cognitive dissonance (and the barrier to reparations)
Having a daughter does not make a man decent. Having a wife does not make a decent man. Treating people with dignity and respect makes a decent man. And when a decent man messes up, as we all are bound to do, he tries his best and does apologize.
Yesterday, I experienced an incident where a co-worker stated, “I don’t understand this, it looks like Chinese to me.” I just froze, and then (to my dismay) tried to ignore it.
This is an experience of Othering that I became numb to from past experience, and I have sought to become more cognizant of this kind of behavior.
However, what I deeply appreciated of this co-worker was that they immediately caught themselves and followed-up with, “I shouldn’t have said that.” Since then, the co-worker has also apologized.
When we do something that was wrong, why is it so hard for us to confess wrongdoing?
The co-worker actually is married to someone of Asian descent (intentionally vague for anonymity). What we have seen in recent times are people using family / friends as a cover for wrongdoing. “I couldn’t have said that.. I couldn’t have done that.. I’m definitely not… Because I am married to.. Because I have a friend who is.. Because.. Because.."
What does having daughters or a wife have to do with a man doing a sexist act? What does having a black friend or husband have to do with doing a racist act?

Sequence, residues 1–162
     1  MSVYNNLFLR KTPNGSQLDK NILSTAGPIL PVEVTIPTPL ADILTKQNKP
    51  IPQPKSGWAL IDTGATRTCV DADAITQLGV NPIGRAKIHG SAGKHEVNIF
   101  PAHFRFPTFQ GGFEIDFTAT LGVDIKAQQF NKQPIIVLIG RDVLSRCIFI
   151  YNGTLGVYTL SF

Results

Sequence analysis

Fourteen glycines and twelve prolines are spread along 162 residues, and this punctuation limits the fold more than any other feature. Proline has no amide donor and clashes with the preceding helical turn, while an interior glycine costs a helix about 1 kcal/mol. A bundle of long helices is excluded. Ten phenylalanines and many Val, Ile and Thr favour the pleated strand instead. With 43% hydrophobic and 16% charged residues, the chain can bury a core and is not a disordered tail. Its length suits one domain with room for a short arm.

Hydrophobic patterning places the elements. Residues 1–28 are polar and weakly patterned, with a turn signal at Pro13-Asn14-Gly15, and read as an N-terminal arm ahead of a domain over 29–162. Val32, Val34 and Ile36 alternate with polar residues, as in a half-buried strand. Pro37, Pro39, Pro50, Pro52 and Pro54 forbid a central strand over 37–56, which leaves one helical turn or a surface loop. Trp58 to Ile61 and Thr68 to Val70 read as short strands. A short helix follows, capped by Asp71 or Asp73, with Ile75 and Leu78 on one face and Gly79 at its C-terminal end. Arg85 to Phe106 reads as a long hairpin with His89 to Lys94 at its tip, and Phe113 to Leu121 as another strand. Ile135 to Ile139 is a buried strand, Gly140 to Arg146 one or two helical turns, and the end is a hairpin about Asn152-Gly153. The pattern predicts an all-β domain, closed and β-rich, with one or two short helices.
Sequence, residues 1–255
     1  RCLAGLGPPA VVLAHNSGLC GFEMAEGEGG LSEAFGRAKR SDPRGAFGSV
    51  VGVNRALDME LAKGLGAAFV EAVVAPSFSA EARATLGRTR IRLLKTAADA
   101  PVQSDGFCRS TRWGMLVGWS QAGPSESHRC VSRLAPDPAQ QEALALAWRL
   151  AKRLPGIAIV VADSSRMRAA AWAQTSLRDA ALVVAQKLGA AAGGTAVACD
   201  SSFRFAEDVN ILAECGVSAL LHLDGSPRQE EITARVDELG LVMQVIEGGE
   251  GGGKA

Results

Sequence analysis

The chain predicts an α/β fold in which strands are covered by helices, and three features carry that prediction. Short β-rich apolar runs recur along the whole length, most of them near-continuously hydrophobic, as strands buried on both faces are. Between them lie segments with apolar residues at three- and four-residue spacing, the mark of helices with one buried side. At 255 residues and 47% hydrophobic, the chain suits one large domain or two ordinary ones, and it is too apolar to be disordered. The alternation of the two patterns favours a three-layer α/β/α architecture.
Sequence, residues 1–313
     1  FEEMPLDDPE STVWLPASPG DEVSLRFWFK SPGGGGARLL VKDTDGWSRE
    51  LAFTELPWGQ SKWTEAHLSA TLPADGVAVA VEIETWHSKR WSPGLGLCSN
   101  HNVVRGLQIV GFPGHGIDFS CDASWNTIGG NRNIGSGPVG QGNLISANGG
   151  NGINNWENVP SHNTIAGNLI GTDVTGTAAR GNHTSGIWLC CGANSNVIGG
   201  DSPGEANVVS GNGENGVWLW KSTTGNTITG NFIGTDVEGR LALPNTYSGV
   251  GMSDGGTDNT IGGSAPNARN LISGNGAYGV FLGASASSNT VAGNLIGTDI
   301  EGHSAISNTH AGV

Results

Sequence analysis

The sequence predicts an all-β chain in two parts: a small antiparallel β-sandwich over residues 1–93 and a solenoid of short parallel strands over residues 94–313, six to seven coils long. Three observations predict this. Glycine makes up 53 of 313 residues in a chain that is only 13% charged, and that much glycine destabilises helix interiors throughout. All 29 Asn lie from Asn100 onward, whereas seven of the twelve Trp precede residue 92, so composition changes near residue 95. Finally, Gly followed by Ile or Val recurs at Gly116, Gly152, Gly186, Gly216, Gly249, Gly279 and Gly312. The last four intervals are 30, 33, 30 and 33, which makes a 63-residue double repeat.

We use our past, our friends, our families as shields to defend and justify ourselves. We see an image of ourselves as one person which is in contradiction to that action we took. We see ourselves in relation to others which is in contradiction to the action that could be harmful to others. I’m thankful that my co-worker apologized without invoking any of this.
Confession sets us free. I am so grateful to be Catholic and have the sacrament of reconciliation – it is truly a grace that God has provided as the pathway to once again be in right relationship with Him, and with others.
Why then, do we struggle to confess personal wrongdoings? Why do we struggle to confess corporate wrongdoings?
To admit wrongdoing is to destroy the ego. To confess is to die to self.
It only takes another step to see the same behavior from institutions and those within them. We see an image of our country in contradiction to its history. We see an image of the Church in contradiction to its Mother and its Foundation.
The struggle to confess seems to be situated upon a cognitive dissonance and a belief that "good works” and past righteousness are atonement for wrongdoing. What does having done many “good works” have to do with a man doing a sinful act? What does having done many “good works” have to do with a country having harmed others? St. Basil, on his discourse On Justice and Mercy, stated, “If you give alms to the poor after you have despoiled them of their goods, it were better for you neither to have taken nor given.” It doesn’t matter how many “good things” someone does, sin is separation from God. It doesn’t matter how many “good things” America has done, harmful actions still need to be addressed. And if unaddressed, it was better to not have done the “good things” at all.
At the end of the sacrament of reconciliation, the person confessing is called to true repentance in making amends and reparations for wrongdoing. The quicker we are to confess, the quicker we are to find healing. The sacrament of reconciliation is a true gift of grace from God to renew right relationships. Only then can we even begin to discuss making amends and reparations.